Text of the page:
Until a few weeks ago, my passion for photography was never adequately fed. Now, I’ll hit the ground running at 110%… although I’ve spent way too much time w/ names… I know, I know… shame on me… need to shake this paralysis by analysis gene!!!

Anyway, I just wanted to thank you. Clearly, you’ve been given the gift of helping others. Your guidance has positively impacted me. I feel blessed and inspired, and will definitely be coming back for more, so keep it coming (no pressure)!

– Graziella from San Antonio
ps – I just don’t like “Graziella Photography” 😉 How about PhotoArt by Graz? Natural Impressions by Graz? Ok… Ok… I’ll stop the madness because yes, the list goes on!


Outlaw Photographer James Taylor March 25, 2012 at 11:04 pm

Thank you for your comment Graziella! I am so happy to hear you are enjoying and getting benefit from the site! And we’re neighbors besides! I would be happy to get together and visit any time, I’m in San Antonio all the time.

Ah the Name Game – indeed, it’s one we all play early on. My best advice is to sit down, give yourself 15 minutes, and start writing. Brainstorm every name you can. When your 15 minutes is up, give yourself three minutes to go over the list, pick your favorite, Google it to make sure nobody else has it, and then make that your business name. Carve it in stone, accept it and let go of all the others – let it be.

Naming your business does deserve due consideration, you do have to live with it (at least until you change it, if you want! Nobody but the grognards say you can’t!), but it does not deserve halting your progress in every other arena of your business and photography.

I personally like Graziella photography – I’ve never seen that name before, I think it sounds lovely in speech, and I can just see in my mind how lovely it would look in a logo. But trust yourself, trust your gut – take on a name for your business that makes you feel happy and unique and inspired.

You sound like you have a great story to tell! Please don’t hesitate to tell it here, or e-mail me at James@banderaoutlaw.com, or let’s get together and visit and play with cameras! Keep me posted on your progress – I’d love to hear of your successes and adventures! Thank you again for your comments, and your readership!


Bridget May 16, 2012 at 4:13 pm

THANK YOU!! You are such an inspiration. I will read every single thing on this website. I love it!


Outlaw Photographer James Taylor May 22, 2012 at 11:15 pm

Thank you so much for your kind words Bridget! I’m most thankful to have you as a reader. Please keep me posted on your successes and adventures!


Morgan January 18, 2013 at 8:38 am

Hi James,

Have you done a post about how you involve your family in your photography business? I’m a homeschooling mom with a large family and am considering starting a business. My biggest concern with starting a business is not having enough time for my family. I’d be interested in hearing more about how you balance your time as well as getting the kids involved.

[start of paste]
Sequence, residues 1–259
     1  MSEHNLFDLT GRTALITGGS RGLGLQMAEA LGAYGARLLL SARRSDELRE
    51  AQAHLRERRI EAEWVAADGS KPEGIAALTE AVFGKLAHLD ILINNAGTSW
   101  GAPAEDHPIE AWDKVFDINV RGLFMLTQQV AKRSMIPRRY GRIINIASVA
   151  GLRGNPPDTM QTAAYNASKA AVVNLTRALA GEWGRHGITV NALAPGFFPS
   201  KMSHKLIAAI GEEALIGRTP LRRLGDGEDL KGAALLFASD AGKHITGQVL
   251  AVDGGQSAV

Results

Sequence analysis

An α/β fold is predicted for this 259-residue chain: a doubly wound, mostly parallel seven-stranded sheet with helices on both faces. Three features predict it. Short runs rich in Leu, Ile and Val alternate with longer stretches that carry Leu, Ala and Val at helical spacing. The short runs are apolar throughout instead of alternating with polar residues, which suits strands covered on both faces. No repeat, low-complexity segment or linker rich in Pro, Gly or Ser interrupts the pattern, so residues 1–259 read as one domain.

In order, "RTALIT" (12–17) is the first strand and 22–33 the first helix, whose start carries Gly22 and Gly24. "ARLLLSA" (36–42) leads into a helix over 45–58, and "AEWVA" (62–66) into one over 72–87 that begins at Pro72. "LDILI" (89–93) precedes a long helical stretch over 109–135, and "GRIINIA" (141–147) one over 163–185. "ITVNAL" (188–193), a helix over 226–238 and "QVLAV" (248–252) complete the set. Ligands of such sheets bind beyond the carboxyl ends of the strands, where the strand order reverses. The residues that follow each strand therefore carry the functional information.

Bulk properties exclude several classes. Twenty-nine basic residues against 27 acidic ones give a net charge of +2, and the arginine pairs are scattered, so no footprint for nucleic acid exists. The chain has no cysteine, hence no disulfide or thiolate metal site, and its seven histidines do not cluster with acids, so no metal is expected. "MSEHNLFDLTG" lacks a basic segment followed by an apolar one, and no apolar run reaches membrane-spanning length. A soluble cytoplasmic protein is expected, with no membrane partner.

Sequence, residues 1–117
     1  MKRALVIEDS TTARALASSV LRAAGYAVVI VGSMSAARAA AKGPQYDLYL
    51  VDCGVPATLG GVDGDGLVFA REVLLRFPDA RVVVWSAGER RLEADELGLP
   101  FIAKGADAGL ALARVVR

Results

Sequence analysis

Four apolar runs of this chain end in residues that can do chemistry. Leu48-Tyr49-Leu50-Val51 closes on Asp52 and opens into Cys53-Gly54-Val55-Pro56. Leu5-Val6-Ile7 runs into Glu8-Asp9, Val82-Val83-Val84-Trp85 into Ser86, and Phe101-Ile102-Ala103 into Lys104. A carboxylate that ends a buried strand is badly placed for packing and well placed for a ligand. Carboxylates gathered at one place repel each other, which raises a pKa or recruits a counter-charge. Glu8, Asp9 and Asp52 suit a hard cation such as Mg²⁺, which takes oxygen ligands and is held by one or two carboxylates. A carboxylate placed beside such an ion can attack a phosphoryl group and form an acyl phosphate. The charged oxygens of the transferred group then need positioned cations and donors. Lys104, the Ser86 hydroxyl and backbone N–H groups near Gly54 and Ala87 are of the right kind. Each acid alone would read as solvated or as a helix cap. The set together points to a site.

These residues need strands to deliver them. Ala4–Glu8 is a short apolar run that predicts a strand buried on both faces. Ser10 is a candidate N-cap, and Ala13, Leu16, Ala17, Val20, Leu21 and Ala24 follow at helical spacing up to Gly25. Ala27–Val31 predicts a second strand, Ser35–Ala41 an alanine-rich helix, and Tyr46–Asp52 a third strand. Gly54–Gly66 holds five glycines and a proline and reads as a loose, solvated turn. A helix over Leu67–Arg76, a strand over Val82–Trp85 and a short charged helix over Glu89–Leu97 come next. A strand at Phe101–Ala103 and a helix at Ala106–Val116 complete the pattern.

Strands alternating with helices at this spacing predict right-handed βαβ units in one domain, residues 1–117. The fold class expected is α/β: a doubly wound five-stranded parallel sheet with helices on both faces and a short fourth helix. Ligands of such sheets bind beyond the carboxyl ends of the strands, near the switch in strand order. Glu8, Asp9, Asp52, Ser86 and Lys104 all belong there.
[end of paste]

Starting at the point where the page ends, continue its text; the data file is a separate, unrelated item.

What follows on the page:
Outlaw Photographer James Taylor February 21, 2013 at 12:58 am

Thank you for your readership Morgan! I have not done a post about involving family in my photo business, but I’d be happy to do so at some point!

My wife stays at home with our three children, and she does all of our newborn and baby photography work. We have a simple system, where all of our work and family appointments are on one Google calendar, and I handle all the booking – this way we always know who is doing what when. It does take both of us for her to do a shoot, only because I then take our three kiddos while she shoots.

So it may take some coordination with another family member who can help tend your wee ones while you shoot, but beyond that, you’re the business owner and you’re in charge of all bookings. I have to turn away a lot of business to balance a full time day job and part time photography work, so I keep a list of several great photographers in the area that I know and have worked with to refer people to when they just can’t wait for an opening on my calendar.

The goal is always, always to serve the client’s needs – and sometimes, more often than you may think as you’re trying to grow your business, the best way to serve a client is to send them to another photographer. It’s okay to draw a line and say, “This is what I can do, and I can do no more.” This business is as much to be a blessing for you and your family as it is your clients – you are always in charge, and you can book more or less or longer or shorter shoots or whatever you need to do to make it work for your family and lifestyle.

It may take time to find a balance you love, but you’ll only get there if you get started.

How do I do it? I work on a lot of projects I’m passionate about outside of my day job, which I also love, and my favorite system is switch-hitting work and play days, back and forth.

If Monday is a “work” day, it begins the moment I wake up – I’m up early to get at least a half hour to an hour of work done before I leave the house for my day job. As soon as I get off from my day job, I go straight to work on my projects – the goal is progress, no matter what project I choose to work on. It’s a “work” day, so I have to get things done. Could be writing, could be marketing, could be processing photos, could be doing a photo shoot, could be responding to e-mails and phone calls, whatever it is it has to take me closer to my goals.

The next day, Tuesday, would then be a “play” day. I sleep in as late as I want, giving myself time to get ready for my day job and show up on time. As soon as I get off from my day job, it’s play time – while I still have daylight, I’m going to be outdoors, most likely with my kids, cycling or playing basketball or just adventuring. When evening falls, we move indoors and play games; board games, video games, dance parties, whatever is fun. When the kids are off to bed, I get to do whatever feels good – I can go to bed early, read books (my default), text or call friends, watch mindless TV, play mature video games (away from little eyes and ears), etc.